Commentary for WAMC Northeast Public Radio


Joan K. Davidson, President Emeritus of the J.M. Kaplan Fund

The first goal of being a philanthropist should be to do good. But there’s a second, perhaps undervalued side of giving away your cash – having fun while doing so.

I don’t make this observation based on personal experience. Since the bulk of my philanthropy goes to causes such as caulking my roof. But rather by benefiting from the example of philanthropists such as Joan Davidson, the president emeritus of the J.M. Kaplan Fund.

Joan, who recently celebrated her 90th birthday, is known for dispensing her fund’s money in intelligent and far-sighted ways and also for throwing excellent parties – from intimate lunches and dinners to the birthday party recently held in her honor at the Cooper-Hewitt Museum on Fifth Avenue in New York City.

I first met Joan in the late 90’s when I was writing a story for New York Magazine about the controversy surrounding a proposed cement plant in Hudson, NY. The plant was eventually defeated.

One of the people I interviewed suggested that if I wanted to take the pulse of the Hudson Valley, at least those who opposed the plant, and pick up a few pithy quotes, as well as a lovely backdrop to set the scene I should attend Joan’s annual shad bake.

It occurs at Midwood, her 85-acre estate overlooking the Hudson River in Germantown, NY, and typically attracts a cross-section of movers and shakers from New York City, the Hudson Valley and beyond.

I was told that Joan wasn’t thrilled with the resulting article – I’m not sure whether that’s because it attempted to be fair and balanced while employing subtle, perhaps too subtle, irony to suggest that the viewshed of Olana, Hudson River School painter Frederic Church’s home and a national historic landmark, probably wasn’t the best place to locate a cement plant with a 400-foot smokestack.

Or perhaps just because I led the piece with her party and touches such as Bill Cunningham, the New York Times legendary society photographer, scurrying around snapping pictures of all the swells.

But Joan is one of those people who doesn’t let a journalist’s indiscretion get in the way of her larger goal – which is to make the world, and New York City and the Hudson Valley in particular – a better, more environmentally-conscious place to live, work and play.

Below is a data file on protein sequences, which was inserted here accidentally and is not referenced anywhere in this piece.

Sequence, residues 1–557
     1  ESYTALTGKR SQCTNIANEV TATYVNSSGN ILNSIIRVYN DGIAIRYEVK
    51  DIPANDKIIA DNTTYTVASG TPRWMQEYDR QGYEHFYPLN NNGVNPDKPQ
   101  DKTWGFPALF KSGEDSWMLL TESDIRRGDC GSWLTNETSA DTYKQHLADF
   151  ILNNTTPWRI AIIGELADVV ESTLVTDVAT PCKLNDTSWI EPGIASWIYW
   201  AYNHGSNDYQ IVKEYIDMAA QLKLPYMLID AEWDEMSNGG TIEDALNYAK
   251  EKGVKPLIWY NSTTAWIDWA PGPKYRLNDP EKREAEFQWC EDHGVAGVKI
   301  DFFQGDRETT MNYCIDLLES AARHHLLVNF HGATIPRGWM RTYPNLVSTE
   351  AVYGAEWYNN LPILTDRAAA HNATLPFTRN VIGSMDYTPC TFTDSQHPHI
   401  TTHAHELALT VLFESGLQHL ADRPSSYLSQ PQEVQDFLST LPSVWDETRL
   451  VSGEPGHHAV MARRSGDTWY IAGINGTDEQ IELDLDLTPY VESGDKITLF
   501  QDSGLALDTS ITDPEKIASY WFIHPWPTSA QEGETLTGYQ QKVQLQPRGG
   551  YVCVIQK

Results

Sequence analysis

Here’s just a few of the causes Joan and the Kaplan Fund have championed over the years. (By the way, the fund was started by her father Jacob Kaplan in the 1950’s from the sale of the Welch Grape Juice Company, which he headed.)

New York City’s vest pocket parks in the 1960’s.

Greenmarkets in the 1970’s.

Riverkeeper, the Hudson River advocacy group, in the 1980’s.

The Highline in the late 1990’s.

And immigration initiatives throughout the 2000’s.

In all, the fund has given away a quarter of a billion dollars since its inception.

Joan also served as Governor Mario Cuomo’s Commissioner of State Parks, Recreation and Historic Preservation. And founded Furthermore, a publishing enterprise that since its start in 1995 has helped fund more than 1,000 non-fiction books in the area of art, history and the environment. One of her latest projects is The Alice Award, a prize named after her mother and given annually for an illustrated book.

But perhaps Joan’s greatest achievement is the model she sets for tough-minded philanthropy.

It goes without saying that the weather almost always cooperates during her May shad bake, even though, over the years the shad have been replaced by more plentiful fish as well as by burgers and hot dogs as shad populations in the Hudson have waxed and waned.

The party is also a rite of passage for political candidates, whether local or statewide.

In keeping with tradition, the light couldn’t have been more crystalline on the evening of her birthday party in the garden at the Cooper-Hewitt, the Smithsonian Design Museum. The Kaplan Fund has supported that institution for over five decades.

The general assumption is that it’s not a coincidence that the heavens tend to be cloudless during one of Joan’s events and that even the Hudson Valley’s mercurial meteorology shapes up and the rain ships out before her guests arrive.

It’s a symptom of the same force of personality that has made shrewd, strategically placed investments in organizations ranging from the Public Theater and Poets House to Human Rights Watch, the Coalition for the Homeless, and the New York Coat Drive.

Joan gives little indication of slowing down. But she’s turned over the day-to-day running of the J.M. Kaplan Fund to her children and grandchildren, led by Peter Davidson, one of her son’s.

There’s no doubt that Peter, who oversaw the Department of Energy’s $30 billion clean energy portfolio during the Obama Administration, can run an organization.